On the seventeenth of Adar 1979, R. Moshe Feinstein, Iggerot Moshe Orach Chayyim 4;79, responded to a newly graduated medical student’s question about treating non-Jews on Shabbat, when the Gemara seems to rule against it. R. Moshe will eventually strongly affirm Jewish doctors’ right and responsibility to save non-Jewish lives on Shabbat.
He prefaced that with a discussion of an issue the questioner hadn’t raised. From my minimal experience with Iggrot Moshe, this is uncommon for R. Moshe, suggesting he felt a pressing need to address what remains a continuing challenge for those who ply the medical trade.
A Meaningless Distinction?
He starts by noting Rambam’s use of the word דחויה, pushed aside, to describe the right to save lives on Shabbat, in the beginning of the second chapter of Laws of Shabbat. That implies that, as opposed to הותרה, is permitted, we are only allowed to set Shabbat aside as absolutely necessary. If we took that as a requirement, we would work to minimize Shabbat violations even while saving a life, such as by preferring that someone who isn’t obligated do it (such as a non-Jew or minor) or by transgressing “only” Rabbinic commands.
That doesn’t hold water, since Rambam himself, Laws of Shabbat 2;3, ruled out those kinds of calculations, for fear (as Kessef Mishnah explains) that those who see us act this way will be squeamish about violating Shabbat to save lives, leading to tragedy.
But if he’s not going to make use of the דחויה/ הותרה distinction, why mention it?
During or Before?
For R. Moshe, it was to tell us that we should do what we can to avoid being put into that situation. Once a life needs to be saved, we do not think of how to minimize Shabbat violations, but before we reach that point, we can and should. While a doctor in a small town or who stumbles on a medical emergency cannot avoid it, in large cities, it is often possible to avoid being called on Shabbat without worsening anyone’s medical care.
His examples are somewhat outdated, but his principle still applies: while one might have to take calls from his or her own patients—since halachah recognizes a personal element to successful treatment, so that a patient rightfully assumes that being treated by his/her own doctor carries a greater chance of healing—there is no need to make oneself broadly available. Especially in the United States, with mandated days off, a Jewish doctor could make Shabbat such a day.
He’ll get to residents and being “on call” in a moment, but I want to pause to consider the implications. In his view, observant doctors should do all they can to avoid having to violate Shabbat. That means if they are part of a practice, they agree to take Sundays (or other times the non-Jews in the practice do not want) in order to keep their Shabbatot free.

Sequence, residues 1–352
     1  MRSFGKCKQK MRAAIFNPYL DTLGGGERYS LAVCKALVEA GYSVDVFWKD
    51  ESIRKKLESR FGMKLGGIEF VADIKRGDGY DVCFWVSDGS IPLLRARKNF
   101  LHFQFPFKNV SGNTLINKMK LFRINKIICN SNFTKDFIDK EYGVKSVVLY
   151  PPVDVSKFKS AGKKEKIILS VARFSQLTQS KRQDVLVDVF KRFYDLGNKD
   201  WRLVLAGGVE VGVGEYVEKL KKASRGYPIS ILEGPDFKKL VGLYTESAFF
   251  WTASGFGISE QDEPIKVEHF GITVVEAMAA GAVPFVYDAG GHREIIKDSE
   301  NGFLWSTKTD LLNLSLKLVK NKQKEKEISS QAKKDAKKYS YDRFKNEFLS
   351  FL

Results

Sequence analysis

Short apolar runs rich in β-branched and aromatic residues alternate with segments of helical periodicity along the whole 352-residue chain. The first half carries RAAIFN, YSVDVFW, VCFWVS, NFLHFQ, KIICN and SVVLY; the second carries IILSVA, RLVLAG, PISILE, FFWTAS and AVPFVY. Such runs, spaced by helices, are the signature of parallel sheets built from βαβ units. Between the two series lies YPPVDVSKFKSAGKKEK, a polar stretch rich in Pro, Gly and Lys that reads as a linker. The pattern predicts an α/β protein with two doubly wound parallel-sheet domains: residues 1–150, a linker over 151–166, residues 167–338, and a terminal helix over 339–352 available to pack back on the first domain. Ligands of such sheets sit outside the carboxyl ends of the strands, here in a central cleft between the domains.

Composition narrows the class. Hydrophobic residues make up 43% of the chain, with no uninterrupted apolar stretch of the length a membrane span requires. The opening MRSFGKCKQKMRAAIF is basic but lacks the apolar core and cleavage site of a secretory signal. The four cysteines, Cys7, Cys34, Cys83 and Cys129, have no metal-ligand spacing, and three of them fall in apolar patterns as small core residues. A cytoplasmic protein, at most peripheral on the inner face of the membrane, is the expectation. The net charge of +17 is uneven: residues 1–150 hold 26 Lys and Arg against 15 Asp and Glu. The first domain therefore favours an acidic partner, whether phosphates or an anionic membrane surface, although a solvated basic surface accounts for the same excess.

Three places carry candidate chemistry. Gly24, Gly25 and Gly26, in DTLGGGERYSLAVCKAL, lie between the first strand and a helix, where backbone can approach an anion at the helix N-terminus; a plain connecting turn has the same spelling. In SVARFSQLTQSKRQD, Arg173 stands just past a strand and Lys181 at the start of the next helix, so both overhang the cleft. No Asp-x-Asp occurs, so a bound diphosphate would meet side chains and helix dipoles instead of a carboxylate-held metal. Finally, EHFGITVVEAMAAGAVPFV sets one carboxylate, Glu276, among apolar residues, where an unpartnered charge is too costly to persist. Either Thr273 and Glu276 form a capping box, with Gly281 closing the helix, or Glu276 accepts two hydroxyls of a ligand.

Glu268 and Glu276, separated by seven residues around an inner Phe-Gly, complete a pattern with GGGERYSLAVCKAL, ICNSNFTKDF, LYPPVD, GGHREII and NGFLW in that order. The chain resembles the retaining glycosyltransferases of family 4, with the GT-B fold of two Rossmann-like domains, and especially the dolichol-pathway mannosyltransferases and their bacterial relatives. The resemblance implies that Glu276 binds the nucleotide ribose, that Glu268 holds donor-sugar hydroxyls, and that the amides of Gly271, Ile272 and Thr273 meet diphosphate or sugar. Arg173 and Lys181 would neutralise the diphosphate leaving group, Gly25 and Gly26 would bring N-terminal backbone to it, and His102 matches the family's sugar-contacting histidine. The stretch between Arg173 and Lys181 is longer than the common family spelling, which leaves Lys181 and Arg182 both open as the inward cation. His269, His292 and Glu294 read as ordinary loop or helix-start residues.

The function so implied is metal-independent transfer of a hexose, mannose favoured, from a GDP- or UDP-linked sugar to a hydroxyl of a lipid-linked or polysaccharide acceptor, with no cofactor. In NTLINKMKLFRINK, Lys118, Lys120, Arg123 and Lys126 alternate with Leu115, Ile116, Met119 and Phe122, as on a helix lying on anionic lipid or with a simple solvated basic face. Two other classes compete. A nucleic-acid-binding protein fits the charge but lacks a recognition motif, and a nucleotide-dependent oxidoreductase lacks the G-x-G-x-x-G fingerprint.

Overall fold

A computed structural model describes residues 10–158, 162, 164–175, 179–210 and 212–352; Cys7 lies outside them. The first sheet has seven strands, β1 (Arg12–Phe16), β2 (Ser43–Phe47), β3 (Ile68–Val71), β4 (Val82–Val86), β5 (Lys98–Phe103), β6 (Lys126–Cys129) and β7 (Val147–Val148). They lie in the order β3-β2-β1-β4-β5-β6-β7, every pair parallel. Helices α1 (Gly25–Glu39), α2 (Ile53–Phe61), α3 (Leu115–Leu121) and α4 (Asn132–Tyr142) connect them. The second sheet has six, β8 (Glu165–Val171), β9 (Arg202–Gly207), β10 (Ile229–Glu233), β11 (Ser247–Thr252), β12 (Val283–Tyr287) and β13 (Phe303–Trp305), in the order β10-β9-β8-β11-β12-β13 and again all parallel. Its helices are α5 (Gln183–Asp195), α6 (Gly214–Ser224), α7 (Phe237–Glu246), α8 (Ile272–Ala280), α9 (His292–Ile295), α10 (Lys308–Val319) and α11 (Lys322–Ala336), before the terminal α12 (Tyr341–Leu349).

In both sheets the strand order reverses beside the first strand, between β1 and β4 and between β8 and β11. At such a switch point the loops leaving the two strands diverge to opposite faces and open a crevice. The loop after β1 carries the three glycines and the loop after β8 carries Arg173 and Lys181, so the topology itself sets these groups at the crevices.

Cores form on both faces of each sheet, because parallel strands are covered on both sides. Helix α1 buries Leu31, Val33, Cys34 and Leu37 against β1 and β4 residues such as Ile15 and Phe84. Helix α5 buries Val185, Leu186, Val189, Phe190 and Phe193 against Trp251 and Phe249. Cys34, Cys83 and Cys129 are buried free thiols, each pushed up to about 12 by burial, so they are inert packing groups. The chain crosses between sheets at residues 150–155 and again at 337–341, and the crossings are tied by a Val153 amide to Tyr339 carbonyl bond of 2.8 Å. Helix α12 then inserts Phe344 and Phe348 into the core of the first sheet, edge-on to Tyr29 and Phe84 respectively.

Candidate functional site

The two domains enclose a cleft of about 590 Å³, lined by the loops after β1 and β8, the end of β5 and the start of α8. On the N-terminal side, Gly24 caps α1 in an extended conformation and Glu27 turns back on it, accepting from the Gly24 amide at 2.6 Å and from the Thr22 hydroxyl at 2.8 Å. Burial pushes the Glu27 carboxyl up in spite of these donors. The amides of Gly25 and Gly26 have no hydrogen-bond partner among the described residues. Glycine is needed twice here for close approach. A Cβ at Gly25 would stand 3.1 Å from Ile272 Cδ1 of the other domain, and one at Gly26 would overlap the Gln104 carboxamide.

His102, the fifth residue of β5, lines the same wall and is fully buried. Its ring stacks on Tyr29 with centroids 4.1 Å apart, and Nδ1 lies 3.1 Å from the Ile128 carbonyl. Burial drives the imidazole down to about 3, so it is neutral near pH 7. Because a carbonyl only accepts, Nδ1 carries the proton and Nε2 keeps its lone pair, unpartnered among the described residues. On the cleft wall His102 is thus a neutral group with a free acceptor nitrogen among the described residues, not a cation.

It also seems to me to mean, although he doesn’t bring it up, that Jewish doctors should do what they can to live near their hospital, if they are going to have to go in regularly on Shabbat. If Shabbat is only דחויה, pushed aside, and we are supposed to do what we can ahead of time to avoid violations, the choice of living place seems to me an important and often overlooked issue.
If the response is that there is no place to live close to that hospital, we get into questions of how we choose which hospital employs us, how we choose professions (if some other profession forced us to act in ways halachah didn’t approve, how would we handle it?).
Another issue raised by a doctor who heard me review these sources is that much of the Shabbat violation in hospitals (and that Jewish doctors necessarily join once they’re there on Shabbat) has no hint of saving lives (for example, discharge paperwork that could be filled out after Shabbat). This isn’t the forum to address it, but R. Moshe’s distinction between ahead of time and in the moment is a reminder that the goal should be—away from any actual medical treatment of those whose lives are at risk– minimum Shabbat violation.
One of the central ways to do so is to make sure not to be on call on Shabbat. Since most non-Jews preferred to be off on Sunday (in 1979, anyway), R. Moshe didn’t think it would be too much of a problem switching one’s calls (it does mean a doctor in training would have very few Sundays off, which can put pressure on a family).
Trading with nonobservant Jews is more of an issue, since they, too, should ideally refrain from these activities on Shabbat. Nevertheless, R. Moshe thinks there are two ways to handle this: first, deal with whoever assigns the call rotations, convincing him or her to always assign oneself non-Shabbat calls (Thanksgiving, New Year’s, Sundays, more night call, etc.).
He permits this even if that means that an observant Jewish doctor will get some extra Shabbat calls, since that’s what’s called לפני דלפני. The Torah obligates us to avoid leading someone else to sin, Vayikra 19;14, ולפני עור לא תתן מכשל, before a blind person you shall not put a stumbling block (broadly speaking). That only goes as far as the actual person; to lead someone else to lead a third person to sin is not specifically prohibited (it’s not lauded, but here it’s being done in the name of securing one’s personal Shabbat observance; the other Jew can take care of him/herself).